This sound has no equivalent in English and is known as the strangled vomit sound as it is simply the constriction of the throat muscles that one uses while vomiting. It must be heard to be mimicked, but in many cases the English ear can't even hear it.


This is an emphatic s. To pronounce it, hold your tongue down in the bottom of your mouth and say psalm.

This sound is very close to the French r in Paris or rue, although it is generally written as gh when translated into English although this bears NO resemblance to English gh whatsoever. It is written as gh as to not confuse it with the regular r that Arabic also has.


This is the emphatic d. To pronounce it, press your tongue down into the bottom of your mouth and say dock.

This grammatical letter has two pronunciations, ah and t. It is only written at the end of a word, and is pronounced t when in a possessive grammar construction and ah when it's not in the possessive case. You only know by learning the possessive case in Arabic grammar. Pronouncing it as ah will get you by though.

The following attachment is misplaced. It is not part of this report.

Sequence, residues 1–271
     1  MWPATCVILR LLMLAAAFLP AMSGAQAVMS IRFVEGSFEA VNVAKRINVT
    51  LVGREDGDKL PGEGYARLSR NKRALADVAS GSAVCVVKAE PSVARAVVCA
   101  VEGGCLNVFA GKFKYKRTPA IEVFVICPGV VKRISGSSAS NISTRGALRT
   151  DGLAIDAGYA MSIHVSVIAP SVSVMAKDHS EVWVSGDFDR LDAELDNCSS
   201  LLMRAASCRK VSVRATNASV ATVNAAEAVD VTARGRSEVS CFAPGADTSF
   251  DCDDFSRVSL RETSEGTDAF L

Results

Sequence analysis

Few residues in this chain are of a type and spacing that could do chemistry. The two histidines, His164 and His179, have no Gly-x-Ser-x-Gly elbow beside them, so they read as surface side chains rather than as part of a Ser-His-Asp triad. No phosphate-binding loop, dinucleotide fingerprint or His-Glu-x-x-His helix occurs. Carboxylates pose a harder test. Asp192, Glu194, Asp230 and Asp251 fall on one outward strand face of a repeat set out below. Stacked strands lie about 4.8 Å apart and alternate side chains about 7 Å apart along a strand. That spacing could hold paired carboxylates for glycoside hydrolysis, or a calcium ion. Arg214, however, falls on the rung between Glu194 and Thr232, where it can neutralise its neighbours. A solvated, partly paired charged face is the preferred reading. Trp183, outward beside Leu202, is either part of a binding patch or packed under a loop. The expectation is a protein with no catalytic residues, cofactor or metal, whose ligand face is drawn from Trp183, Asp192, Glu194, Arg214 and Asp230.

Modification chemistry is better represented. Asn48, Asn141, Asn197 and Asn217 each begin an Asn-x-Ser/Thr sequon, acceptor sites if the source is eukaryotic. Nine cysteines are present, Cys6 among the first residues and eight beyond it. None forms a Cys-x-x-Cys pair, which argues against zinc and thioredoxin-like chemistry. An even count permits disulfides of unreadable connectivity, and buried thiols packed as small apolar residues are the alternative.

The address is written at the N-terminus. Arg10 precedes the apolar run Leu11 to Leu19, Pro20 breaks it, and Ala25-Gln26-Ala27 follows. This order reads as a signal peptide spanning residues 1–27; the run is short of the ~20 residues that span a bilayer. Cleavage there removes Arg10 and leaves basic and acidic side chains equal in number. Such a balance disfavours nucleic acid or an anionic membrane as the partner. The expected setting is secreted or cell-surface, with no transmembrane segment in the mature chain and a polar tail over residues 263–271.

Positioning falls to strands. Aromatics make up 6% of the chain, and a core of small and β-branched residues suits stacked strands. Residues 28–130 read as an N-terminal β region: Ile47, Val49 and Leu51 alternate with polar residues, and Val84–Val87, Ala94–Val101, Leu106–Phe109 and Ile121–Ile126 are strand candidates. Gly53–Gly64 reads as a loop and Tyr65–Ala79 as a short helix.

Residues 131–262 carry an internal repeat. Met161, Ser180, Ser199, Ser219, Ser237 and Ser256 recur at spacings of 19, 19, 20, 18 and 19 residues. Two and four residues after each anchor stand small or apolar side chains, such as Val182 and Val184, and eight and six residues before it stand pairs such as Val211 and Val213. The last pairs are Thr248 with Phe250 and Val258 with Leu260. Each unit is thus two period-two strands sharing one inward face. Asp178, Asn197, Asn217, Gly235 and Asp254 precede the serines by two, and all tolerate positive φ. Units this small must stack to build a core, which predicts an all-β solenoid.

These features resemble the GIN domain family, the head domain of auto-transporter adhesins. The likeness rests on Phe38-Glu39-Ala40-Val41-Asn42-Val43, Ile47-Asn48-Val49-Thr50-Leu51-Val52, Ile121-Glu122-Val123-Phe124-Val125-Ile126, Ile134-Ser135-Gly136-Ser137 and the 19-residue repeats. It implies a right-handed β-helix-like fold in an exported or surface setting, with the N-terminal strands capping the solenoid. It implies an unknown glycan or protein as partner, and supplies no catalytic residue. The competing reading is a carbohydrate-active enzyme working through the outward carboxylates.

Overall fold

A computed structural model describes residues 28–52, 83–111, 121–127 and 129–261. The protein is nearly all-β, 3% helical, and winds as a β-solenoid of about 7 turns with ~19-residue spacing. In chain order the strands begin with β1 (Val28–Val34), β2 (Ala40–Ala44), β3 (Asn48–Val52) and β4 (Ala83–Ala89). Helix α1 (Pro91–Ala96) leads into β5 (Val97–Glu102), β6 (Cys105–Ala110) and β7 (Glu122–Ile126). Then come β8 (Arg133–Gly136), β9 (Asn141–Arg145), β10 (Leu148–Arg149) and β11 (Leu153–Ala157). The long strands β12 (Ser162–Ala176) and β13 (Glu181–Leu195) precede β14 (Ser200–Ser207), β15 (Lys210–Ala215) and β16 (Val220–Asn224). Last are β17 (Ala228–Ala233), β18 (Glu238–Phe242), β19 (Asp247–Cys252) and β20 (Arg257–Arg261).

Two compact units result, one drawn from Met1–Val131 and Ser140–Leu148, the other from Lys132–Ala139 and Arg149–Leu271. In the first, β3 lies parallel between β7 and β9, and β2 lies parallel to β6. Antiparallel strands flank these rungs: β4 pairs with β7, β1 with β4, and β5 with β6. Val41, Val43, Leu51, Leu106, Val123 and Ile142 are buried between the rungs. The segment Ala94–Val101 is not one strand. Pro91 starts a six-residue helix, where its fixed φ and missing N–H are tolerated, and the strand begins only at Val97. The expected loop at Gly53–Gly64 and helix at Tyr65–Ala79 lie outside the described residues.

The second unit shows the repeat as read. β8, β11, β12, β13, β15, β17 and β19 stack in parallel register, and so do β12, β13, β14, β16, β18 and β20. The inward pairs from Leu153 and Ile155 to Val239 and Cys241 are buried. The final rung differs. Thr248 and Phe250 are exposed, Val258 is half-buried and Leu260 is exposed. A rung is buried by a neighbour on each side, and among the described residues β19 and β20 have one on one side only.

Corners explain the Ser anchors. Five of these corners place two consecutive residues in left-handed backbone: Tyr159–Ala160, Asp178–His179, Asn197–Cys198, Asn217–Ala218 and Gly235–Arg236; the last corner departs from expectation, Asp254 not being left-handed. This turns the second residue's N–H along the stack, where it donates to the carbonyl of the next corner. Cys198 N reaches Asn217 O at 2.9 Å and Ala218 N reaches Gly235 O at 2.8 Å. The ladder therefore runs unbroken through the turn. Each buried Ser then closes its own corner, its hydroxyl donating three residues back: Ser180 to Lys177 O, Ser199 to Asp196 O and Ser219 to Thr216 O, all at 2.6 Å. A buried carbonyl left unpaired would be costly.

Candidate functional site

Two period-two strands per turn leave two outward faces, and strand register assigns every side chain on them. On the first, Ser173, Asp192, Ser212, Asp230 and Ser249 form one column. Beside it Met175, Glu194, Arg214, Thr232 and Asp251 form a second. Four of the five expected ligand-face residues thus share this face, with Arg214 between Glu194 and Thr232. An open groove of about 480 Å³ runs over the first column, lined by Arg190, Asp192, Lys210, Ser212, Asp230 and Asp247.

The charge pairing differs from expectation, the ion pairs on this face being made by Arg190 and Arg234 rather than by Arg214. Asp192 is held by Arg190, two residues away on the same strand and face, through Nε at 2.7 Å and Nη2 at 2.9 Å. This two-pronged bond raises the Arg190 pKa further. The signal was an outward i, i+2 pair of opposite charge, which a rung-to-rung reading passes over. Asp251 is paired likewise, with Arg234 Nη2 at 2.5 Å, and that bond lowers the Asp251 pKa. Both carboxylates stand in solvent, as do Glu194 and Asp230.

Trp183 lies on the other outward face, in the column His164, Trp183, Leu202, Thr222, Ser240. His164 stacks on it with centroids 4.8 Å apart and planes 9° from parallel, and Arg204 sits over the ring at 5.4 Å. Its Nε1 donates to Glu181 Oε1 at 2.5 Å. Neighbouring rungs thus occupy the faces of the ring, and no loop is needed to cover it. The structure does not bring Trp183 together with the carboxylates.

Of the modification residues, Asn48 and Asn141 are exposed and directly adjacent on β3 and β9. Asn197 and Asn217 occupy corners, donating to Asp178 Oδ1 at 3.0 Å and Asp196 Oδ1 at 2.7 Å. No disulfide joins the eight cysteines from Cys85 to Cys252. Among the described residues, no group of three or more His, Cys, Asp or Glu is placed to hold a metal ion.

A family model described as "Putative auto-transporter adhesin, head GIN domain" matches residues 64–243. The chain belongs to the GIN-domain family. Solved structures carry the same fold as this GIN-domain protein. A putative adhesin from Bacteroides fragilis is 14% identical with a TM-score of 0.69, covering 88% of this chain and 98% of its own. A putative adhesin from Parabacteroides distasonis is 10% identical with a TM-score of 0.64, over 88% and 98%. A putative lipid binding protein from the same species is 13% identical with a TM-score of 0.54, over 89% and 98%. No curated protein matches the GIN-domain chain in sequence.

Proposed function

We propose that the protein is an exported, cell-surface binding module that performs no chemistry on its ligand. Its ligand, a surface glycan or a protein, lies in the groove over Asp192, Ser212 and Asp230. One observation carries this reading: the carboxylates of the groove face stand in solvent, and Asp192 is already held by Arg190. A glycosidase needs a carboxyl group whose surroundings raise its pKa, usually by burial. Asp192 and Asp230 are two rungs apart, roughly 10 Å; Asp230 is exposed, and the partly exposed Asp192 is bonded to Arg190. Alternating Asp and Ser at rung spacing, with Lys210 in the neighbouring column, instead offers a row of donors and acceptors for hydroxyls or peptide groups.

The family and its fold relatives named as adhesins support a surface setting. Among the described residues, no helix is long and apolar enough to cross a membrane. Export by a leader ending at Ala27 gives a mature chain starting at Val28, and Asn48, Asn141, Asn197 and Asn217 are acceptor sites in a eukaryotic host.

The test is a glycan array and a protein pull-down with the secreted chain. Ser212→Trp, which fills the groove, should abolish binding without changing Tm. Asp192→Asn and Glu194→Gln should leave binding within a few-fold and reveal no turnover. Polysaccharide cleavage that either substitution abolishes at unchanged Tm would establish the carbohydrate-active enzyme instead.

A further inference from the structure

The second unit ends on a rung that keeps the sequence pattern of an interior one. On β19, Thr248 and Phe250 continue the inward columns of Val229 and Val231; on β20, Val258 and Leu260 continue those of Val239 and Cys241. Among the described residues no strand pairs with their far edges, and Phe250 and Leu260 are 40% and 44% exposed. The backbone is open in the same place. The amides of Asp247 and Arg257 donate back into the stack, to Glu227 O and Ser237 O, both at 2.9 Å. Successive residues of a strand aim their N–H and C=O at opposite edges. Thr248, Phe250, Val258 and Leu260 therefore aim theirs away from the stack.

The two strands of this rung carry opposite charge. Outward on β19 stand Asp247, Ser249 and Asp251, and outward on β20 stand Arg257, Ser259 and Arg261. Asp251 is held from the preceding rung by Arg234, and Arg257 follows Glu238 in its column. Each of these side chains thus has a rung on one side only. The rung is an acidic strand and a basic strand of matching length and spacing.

This letter is written as q when translated into English although this has no bearing on the pronunciation of the letter itself. To make this sound, pronounce a k but generate it far back in your throat, almost as if you are going to gargle.


This letter is phonetically known as a glottal stop, a sound made by NOT saying anything. It is the sound a Scottish person pronounces when he/she says butter and omits the tt and actually says buh'er, or water as wah'er. American English has this sound as well: it's the sound NOT said between the words the awful. An American/English speaker will almost always pause ever so slightly between the e in the and the a in awful. That is a glottal stop.

Arabic is a cursive-only script, which is to say that Arabic cannot be written with unconnected, separated letters as English usually is (i.e. block letters/non-cursive), therefore all letters must be connected together in general. This is the only aspect of Arabic that makes it look complicated. Fortunately, it isn't. Just keep your eye open for the core part of the letter, and the dots!